Chinese Women through Chinese Eyes

By Li Yu-Ning | Go to book overview

ment of the People's Republic of China in 1949, a new phase in the history of Chinese women was to begin. It was to be a period in which change intensified and accelerated, but in which both diversity and continuity remained relevant themes. The subject is far too complex to broach here, or to attempt to represent with one or two brief autobiographical sketches. 8 It is hoped that the articles and autobiographies in this book will aid in providing the background for a better understanding of women in contemporary China.


Notes
1
Professor Jonathan Lipman is translating one of the better known of these works, Ch'en Tung-yuan's Chung-kuo fu-nü sheng-huo shih (A history of the lives of Chinese women), first published in 1937.
2
For a more recent estimate of female literacy rates, see Evelyn Sakakida Rawski , Education and Popular Literacy in Ch'ing China ( Ann Arbor: University of Michigan Press, 1979), pp. 6-8, 140.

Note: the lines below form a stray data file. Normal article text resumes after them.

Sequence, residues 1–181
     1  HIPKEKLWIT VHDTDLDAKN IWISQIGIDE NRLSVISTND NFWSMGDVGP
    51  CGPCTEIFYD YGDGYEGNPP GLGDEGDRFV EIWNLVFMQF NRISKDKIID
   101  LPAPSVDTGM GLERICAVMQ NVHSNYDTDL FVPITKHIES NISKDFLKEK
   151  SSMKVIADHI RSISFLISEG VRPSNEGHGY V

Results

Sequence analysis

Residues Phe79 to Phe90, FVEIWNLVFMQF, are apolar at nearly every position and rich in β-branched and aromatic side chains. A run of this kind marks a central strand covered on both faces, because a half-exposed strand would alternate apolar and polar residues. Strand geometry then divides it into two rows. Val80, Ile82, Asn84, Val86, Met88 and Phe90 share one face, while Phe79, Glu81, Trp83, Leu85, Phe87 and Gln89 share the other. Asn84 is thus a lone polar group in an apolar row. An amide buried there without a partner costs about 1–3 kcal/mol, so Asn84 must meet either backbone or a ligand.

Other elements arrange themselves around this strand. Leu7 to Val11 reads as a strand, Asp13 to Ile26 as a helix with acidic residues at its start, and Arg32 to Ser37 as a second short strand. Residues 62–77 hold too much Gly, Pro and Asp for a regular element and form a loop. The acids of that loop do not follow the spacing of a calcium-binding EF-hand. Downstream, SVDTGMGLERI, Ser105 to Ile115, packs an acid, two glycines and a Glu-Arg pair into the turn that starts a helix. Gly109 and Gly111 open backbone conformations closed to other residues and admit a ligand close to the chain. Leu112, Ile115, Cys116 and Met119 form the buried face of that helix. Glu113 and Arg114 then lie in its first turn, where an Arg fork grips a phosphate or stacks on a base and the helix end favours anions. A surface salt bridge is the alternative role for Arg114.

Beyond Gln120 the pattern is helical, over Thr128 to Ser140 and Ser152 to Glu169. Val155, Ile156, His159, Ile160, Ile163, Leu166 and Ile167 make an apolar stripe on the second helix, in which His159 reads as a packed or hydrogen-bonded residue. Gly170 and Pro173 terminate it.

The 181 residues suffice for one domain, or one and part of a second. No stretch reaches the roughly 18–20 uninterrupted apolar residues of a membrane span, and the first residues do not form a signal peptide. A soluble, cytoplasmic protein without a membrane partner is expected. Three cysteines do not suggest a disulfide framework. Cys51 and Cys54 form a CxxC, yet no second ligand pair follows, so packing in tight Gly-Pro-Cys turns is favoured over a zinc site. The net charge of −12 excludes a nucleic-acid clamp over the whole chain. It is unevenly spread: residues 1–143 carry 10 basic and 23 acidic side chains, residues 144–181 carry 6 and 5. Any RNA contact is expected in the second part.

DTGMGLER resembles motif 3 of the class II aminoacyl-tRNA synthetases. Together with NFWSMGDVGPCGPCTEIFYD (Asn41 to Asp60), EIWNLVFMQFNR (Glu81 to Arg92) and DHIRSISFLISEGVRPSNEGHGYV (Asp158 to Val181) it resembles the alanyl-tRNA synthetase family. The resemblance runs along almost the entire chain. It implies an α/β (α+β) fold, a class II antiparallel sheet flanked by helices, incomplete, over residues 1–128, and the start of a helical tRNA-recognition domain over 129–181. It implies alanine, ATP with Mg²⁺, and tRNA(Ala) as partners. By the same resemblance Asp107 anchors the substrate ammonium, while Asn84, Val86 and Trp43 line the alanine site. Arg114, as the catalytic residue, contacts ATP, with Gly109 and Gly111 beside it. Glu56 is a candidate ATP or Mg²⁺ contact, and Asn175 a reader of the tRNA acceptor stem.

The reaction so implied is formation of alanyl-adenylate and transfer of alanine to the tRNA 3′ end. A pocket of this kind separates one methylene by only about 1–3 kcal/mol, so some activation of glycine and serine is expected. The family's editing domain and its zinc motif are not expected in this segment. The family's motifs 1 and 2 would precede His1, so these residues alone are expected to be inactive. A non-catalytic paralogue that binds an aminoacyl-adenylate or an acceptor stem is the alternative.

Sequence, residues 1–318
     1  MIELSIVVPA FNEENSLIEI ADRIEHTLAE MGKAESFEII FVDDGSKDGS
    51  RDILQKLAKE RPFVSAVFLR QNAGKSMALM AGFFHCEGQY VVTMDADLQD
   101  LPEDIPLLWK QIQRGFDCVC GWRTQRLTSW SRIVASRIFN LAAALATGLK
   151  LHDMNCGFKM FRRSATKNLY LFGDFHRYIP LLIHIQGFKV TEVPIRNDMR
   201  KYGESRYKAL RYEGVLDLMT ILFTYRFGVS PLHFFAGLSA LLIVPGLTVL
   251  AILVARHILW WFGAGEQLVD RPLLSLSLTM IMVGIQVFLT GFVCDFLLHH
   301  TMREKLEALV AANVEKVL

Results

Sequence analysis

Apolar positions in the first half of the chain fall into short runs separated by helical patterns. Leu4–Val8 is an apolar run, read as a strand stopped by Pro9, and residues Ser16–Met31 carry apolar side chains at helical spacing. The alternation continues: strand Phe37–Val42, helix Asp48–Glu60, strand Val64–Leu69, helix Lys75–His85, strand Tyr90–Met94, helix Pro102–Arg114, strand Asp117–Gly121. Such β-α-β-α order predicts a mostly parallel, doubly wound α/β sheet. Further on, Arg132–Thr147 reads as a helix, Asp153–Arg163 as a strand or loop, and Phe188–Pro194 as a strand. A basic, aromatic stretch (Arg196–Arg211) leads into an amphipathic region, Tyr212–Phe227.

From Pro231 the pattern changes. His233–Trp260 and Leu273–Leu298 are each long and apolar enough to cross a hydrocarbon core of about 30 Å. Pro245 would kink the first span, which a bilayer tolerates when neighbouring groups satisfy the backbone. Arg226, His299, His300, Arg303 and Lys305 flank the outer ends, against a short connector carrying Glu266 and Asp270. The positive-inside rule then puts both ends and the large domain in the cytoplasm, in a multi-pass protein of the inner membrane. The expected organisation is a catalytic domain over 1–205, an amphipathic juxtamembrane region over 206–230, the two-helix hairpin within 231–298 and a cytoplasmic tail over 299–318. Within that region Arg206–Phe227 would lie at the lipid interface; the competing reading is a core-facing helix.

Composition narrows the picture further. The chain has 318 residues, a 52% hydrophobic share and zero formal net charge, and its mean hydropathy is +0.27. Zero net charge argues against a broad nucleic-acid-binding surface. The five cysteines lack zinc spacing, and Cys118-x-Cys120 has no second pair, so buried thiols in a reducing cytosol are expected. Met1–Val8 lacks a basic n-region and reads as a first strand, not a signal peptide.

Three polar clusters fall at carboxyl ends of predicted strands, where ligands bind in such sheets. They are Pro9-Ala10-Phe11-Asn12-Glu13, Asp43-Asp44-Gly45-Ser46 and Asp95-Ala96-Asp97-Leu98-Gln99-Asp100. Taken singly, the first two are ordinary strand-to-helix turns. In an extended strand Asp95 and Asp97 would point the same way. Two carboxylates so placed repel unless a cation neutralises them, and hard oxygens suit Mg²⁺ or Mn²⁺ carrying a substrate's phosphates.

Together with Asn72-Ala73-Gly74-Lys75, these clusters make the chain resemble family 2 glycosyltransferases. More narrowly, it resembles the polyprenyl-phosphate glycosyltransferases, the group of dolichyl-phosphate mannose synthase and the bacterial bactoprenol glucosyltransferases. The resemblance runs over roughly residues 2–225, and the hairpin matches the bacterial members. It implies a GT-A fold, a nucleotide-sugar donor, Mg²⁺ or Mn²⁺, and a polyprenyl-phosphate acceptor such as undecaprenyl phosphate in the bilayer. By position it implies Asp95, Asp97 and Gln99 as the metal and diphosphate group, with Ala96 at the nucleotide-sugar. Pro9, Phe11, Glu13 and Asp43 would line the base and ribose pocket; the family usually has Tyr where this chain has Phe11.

3
The lives of several seventeenth-century rural village women are skillfully reconstructed in Jonathan D. Spence, The Death of Woman Wang ( New York: Viking, 1978). For the late nineteenth and early twentieth centuries we are blessed with Ida Pruitt's classic Daughter of Han: The Autobiography of a Chinese Working Women (New Haven: Yale University Press, 1945; reprint, Stanford: Stanford University Press, 1967).
4
On premodern Chinese autobiography, see the incisive studies of Pei-yi Wu , "Self-Examination and Confession of Sins in Traditional China", Harvard Journal of Asiatic Studies 39, 1 ( June 1979): 5-38; and The Confucian's Progress: Autobiographical Writings in Traditional China ( Princeton: Princeton University Press, 1990).
5
On footbinding, see Howard S. Levy, Chinese Footbinding: The History of a Curious Erotic Custom ( New York: Bell Publishing, 1967).
6
Chow Tse-tsung, Research Guide to the May Fourth Movement ( Cambridge: Harvard University Press, 1963), p. 1.
7
On women's support networks, see Margery Wolf, Women and the Family in Rural Taiwan ( Stanford: Stanford University Press, 1972).
8
The interested reader might start with the biography of Gold Flower in chapter 10 of Jack Belden, China Shakes the World ( New York: Harper, 1949).

-xxx-

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